Inflatable / October 6, 2018 / Manon Poissonnier.
Inflatables came very much into the public eye as architectural and domestic object when synthetic material became commonplace. Iconic structures like the US Pavillion on the 1970 Osaka Expo by Davis and Brody and Victor Lundys travelling pavillion for that Atomic Energy Commission popularized the idea that inflatables can be a way to build large structures with very extendend interior spans without pillars. These nice hopes for inflatable structures would later be dashed by the many practical difficulties faced by inflatable buildings such as climatization safety sensitivity to wind and fire proofing that currently restrict their use to very particular circumstances.
You could easily paddle on remote lakes or rivers. Or how about taking your kayak on vacation with you? Bring it in your luggage on the plane and you could be kayaking almost anywhere in the world. That would be pretty difficult to do with a hard-shell kayak. You could take an inflatable kayak on a city bus or bicycle to the water. During off season the kayak would take up minimal storage space. Inflatable Kayaks are Tough and Durable When most people think of an inflatable kayak they picture a cheaply made plastic boat for kids. They picture a kayak that would burst from hitting the smallest rock or branch.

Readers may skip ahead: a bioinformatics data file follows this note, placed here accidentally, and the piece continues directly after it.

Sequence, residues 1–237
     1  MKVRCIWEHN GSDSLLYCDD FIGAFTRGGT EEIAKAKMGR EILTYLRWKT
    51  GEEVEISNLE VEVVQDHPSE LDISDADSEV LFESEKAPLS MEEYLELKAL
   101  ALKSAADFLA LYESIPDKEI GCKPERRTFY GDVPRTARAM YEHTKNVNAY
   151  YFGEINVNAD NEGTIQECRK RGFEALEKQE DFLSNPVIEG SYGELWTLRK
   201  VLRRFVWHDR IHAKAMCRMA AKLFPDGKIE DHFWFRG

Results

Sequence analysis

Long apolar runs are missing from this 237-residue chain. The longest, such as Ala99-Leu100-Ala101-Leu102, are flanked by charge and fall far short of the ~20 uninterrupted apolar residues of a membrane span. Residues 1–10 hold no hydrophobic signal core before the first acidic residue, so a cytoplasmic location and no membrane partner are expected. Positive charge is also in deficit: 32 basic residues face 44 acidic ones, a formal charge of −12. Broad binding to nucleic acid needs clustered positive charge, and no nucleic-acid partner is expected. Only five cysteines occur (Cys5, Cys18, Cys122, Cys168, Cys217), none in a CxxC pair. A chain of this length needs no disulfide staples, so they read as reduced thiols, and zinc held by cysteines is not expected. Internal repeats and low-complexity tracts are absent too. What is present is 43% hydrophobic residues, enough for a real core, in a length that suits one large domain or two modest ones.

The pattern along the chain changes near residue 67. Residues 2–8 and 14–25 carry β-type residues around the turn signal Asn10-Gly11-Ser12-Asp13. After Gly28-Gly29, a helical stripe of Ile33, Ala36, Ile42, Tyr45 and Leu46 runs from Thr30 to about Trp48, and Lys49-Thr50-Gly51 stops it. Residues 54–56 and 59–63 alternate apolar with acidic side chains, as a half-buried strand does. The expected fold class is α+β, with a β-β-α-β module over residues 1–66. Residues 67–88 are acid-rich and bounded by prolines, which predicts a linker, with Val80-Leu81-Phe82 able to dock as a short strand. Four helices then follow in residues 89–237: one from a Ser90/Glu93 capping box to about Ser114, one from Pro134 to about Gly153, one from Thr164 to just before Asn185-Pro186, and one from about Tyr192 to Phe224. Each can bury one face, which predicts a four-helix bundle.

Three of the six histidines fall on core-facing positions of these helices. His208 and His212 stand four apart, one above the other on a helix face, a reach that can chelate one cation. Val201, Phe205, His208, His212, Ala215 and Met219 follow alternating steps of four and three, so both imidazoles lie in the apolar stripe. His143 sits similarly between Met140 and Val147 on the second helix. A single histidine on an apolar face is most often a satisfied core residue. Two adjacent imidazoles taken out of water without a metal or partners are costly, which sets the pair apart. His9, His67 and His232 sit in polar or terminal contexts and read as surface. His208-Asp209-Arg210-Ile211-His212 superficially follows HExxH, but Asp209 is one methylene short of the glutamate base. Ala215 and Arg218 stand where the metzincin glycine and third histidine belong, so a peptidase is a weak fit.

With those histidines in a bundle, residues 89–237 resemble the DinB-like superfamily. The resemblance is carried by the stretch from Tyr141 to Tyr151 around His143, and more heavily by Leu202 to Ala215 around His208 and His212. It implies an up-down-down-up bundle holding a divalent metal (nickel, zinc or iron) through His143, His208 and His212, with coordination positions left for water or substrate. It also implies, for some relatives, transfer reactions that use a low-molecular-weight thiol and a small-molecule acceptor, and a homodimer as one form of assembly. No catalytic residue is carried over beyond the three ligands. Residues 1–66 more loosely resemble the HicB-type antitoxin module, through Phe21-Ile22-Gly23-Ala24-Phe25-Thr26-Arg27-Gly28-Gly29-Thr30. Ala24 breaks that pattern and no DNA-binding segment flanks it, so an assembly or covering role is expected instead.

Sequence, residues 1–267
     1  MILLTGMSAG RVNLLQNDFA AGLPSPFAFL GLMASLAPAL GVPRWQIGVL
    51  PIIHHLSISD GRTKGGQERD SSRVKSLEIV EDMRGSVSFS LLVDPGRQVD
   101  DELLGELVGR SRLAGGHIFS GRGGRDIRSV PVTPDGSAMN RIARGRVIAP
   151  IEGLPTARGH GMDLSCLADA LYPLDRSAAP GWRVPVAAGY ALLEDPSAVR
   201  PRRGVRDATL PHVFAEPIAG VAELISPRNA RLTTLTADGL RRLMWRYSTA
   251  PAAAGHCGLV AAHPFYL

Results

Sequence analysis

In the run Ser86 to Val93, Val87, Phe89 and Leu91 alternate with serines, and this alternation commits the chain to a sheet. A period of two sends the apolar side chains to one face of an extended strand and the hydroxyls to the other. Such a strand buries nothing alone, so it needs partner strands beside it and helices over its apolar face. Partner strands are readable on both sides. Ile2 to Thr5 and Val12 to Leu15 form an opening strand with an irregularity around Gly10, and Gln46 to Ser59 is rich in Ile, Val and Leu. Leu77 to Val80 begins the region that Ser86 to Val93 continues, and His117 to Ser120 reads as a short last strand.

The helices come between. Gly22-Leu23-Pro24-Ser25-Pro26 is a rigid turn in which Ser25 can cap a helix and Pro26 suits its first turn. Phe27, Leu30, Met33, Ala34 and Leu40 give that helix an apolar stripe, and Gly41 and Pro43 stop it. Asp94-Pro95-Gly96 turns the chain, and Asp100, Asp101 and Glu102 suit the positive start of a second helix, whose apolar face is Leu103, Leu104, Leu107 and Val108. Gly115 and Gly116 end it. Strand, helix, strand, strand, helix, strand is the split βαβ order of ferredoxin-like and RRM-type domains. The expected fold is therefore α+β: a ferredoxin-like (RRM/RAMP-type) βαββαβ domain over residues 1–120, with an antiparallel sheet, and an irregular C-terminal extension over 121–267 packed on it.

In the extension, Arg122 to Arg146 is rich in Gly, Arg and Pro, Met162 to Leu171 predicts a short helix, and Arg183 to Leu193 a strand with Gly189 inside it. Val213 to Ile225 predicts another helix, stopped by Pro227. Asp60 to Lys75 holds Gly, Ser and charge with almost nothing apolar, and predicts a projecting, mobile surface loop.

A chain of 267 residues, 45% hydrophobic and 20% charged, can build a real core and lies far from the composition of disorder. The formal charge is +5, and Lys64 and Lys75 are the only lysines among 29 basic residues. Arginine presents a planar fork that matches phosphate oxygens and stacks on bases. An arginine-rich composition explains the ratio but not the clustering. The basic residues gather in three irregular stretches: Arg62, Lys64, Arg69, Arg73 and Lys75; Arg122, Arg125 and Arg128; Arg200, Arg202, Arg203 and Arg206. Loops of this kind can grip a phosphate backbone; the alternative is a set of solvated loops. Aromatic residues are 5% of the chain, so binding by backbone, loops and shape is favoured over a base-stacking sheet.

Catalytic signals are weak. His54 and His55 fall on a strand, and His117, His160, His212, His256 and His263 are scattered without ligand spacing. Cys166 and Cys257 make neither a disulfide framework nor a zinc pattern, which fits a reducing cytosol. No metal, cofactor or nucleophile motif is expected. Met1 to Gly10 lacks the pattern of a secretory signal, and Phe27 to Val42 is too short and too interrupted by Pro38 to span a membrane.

If you have purchased a used product you can still inquire about getting an owners manual from the bounce house manufacturer. Usually the owners manual will display a step-by-step instruction of how to setup and teardown an inflatable product. This will also cover where the tie downs are where the enter and exits ramps are located where and when to use the product what age group it is designed for and space requirements. The details covered in an owners manual will differ from company to company since one will be more thorough or precise with clearer images than the other.
But as with most things in life things change. In the last five years most U.S. "manufacturers" have thrown in the towel and are no longer making their own Inflatables. Theyre now importing China made Inflatables and passing them off as "Made in the U.S.A." In addition a new breed of internet phonies are posing as "manufacturers" and selling "China made Inflatables" or acting as a distributor for some other inflatable company importing from China. The fact of the matter is there are only a few manufacturers left that still build their entire product line of Inflatables right here in the good old U.S.A. Its more expensive but far superior in durability. And yes in spite of what you have been told there is a big difference in Safety Quality Craftsmanship.